'Monster' Hurricane Dorian takes aim at Florida, may make landfall as Category 4

PHOTO: Hurricane Dorian leaves the Caribbean Sea and tracks towards the Florida coast; taken August 29, 2019 over the Atlantic Ocean.PlayNOAA/Getty Images
WATCH Hurricane Dorian could strengthen to Category 4 storm

Hurricane Dorian is strengthening and taking aim at Florida, where residents and tourists are bracing for a possible Category 4 landfall on Monday afternoon.

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Dorian is forecast to make landfall somewhere between Melbourne and Miami, but everyone on the east coast of Florida is urged to be prepared for life-threatening storm surge, devastating hurricane-force winds and over 1 foot of rain.

President Donald Trump said Thursday he would send Vice President Mike Pence in his place to Poland so he can monitor Dorian from Washington.

The president further weighed in on the storm Thursday evening, saying in a short video posted to Twitter, "It's looking like it could be an absolute monster. It does seem almost certain that it's hitting dead center, and that's not good."

"We're all ready," Trump continued. "And hopefully we'll get lucky. But it looks to me like this time it's heading in one direction. All indications are it's going to hit very hard and it's going to be very big."

PHOTO: Hurricane Dorian forecast track, Aug. 29, 2019. ABC News
Hurricane Dorian forecast track, Aug. 29, 2019.

Dorian, now churning in the Atlantic as a Category 2, could become a Category 3 on Friday.

Dorian is expected to be a Category 4 hurricane with 130 mph winds on Monday.

If Dorian makes landfall on Florida's east coast with winds of 125 mph, it would be the strongest hurricane to hit the east coast of Florida since Hurricane Andrew in 1992.

PHOTO: A camera outside of the International Space Station captured views of Hurricane Dorian at 1:05 p.m.EST, Aug. 29, 2019, as it churned over the Atlantic Ocean. NASA
A camera outside of the International Space Station captured views of Hurricane Dorian at 1:05 p.m.EST, Aug. 29, 2019, as it churned over the Atlantic Ocean.

Florida Gov. Ron DeSantis declared a state of emergency in every county due to the storm's "uncertain projected path."

"All residents, especially those along the east coast, need to be prepared for possible impacts," DeSantis said in a statement on Thursday. "As it increases strength, this storm has the potential to severely damage homes, businesses and buildings, which is why all Floridians should remain vigilant. Do not wait until it is too late to make a plan.”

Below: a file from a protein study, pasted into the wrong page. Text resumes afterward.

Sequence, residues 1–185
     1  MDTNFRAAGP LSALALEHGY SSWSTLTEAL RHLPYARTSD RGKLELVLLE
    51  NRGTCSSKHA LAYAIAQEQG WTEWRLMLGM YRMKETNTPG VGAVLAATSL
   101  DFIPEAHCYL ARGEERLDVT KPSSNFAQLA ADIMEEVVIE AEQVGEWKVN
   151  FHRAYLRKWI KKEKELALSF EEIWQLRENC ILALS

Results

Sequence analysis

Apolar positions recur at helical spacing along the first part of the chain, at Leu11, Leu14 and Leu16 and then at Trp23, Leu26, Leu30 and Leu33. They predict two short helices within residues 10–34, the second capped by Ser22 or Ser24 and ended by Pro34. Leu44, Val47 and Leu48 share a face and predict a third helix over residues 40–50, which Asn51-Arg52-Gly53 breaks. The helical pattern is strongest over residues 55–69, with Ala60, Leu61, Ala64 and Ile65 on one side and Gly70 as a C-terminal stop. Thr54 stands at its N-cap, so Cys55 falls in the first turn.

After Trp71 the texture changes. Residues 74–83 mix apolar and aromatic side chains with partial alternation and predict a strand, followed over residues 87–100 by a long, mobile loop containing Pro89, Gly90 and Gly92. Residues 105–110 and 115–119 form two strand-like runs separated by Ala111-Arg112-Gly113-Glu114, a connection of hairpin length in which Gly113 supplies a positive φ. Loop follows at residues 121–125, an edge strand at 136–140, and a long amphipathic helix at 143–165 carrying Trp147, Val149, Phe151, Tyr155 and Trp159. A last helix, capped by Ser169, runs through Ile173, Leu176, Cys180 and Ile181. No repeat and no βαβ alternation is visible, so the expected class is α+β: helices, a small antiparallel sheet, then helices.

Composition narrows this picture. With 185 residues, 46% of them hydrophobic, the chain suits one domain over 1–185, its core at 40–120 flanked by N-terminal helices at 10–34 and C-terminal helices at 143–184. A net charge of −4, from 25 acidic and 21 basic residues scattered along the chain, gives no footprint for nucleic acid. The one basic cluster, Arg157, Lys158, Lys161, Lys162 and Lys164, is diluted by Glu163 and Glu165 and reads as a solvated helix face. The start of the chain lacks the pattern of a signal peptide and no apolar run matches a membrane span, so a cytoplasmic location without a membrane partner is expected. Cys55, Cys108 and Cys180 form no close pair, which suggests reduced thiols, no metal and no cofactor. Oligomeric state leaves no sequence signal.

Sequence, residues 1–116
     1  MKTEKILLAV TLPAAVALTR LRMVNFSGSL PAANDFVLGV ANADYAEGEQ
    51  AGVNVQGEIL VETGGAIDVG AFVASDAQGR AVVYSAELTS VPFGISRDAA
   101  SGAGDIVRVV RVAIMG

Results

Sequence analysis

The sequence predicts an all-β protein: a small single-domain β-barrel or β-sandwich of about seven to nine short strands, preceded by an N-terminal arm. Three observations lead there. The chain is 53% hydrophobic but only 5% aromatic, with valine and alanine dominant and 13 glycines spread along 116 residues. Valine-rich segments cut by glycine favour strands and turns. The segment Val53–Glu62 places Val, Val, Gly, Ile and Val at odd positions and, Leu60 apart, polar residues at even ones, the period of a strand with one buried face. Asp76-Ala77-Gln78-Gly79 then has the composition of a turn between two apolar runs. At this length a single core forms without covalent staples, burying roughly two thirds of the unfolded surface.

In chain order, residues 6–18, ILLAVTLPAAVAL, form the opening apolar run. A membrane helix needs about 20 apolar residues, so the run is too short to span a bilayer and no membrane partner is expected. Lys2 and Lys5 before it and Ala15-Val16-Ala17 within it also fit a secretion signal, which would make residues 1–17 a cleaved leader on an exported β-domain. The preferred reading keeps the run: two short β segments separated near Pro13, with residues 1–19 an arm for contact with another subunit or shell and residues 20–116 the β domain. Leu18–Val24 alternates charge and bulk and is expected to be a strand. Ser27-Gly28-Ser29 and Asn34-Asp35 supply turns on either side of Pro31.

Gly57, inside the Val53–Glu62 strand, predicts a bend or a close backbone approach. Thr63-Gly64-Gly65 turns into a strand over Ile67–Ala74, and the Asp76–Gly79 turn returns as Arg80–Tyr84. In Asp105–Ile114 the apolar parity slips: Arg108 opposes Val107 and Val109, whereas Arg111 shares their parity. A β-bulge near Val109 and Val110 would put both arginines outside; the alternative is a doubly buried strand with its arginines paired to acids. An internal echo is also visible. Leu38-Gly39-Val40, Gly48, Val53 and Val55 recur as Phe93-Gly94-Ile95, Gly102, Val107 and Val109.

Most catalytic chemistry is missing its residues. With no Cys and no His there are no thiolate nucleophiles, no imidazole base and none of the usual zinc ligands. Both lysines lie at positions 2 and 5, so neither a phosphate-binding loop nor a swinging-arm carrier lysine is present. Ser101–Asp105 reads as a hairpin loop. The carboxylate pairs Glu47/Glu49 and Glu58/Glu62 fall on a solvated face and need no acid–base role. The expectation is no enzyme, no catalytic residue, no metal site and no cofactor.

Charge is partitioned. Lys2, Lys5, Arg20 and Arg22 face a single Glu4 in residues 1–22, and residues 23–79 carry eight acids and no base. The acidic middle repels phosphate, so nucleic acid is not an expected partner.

PHOTO: Orange County residents fill sandbags at Blanchard Park in Orlando, Fla., Aug. 28, 2019. The sandbags are being offered in advance of Hurricane Dorian, which is forecast to likely hit Florida. Stephen M. Dowell/Orlando Sentinel/TNS via Getty Images
Orange County residents fill sandbags at Blanchard Park in Orlando, Fla., Aug. 28, 2019. The sandbags are being offered in advance of Hurricane Dorian, which is forecast to likely hit Florida.
PHOTO: Florida residents stock up with groceries and water in preparation for Hurricane Dorian, in Fort Lauderdale, Fla., Aug. 28, 2019. Orit Ben-Ezzer/ZUMA Press
Florida residents stock up with groceries and water in preparation for Hurricane Dorian, in Fort Lauderdale, Fla., Aug. 28, 2019.

In Jacksonville, where water is already flying off the shelves, Mayor Lenny Curry said evacuations may be ordered, depending on which direction the storm moves.

The threat goes beyond Florida.

Dorian may bring dangerous storm surge to coastal Georgia as well as rain and wind to inland Georgia and South Carolina, Georgia Gov. Brian Kemp said Thursday.

Kemp has declared a state of emergency in several counties.

Dorian first tore through the Caribbean on Wednesday, blasting St. Thomas with powerful winds and more than 6 inches of rain.

Dorian missed Puerto Rico for the most part, where many residents are still reeling from the devastation of 2017's Hurricane Maria. The highest rainfall total on the island this week was 1 to 2 inches.

"Thank God we were not affected," Puerto Rico Gov. Wanda Vazquez said Wednesday night. "All the determinations made in the last days were a real life exercise."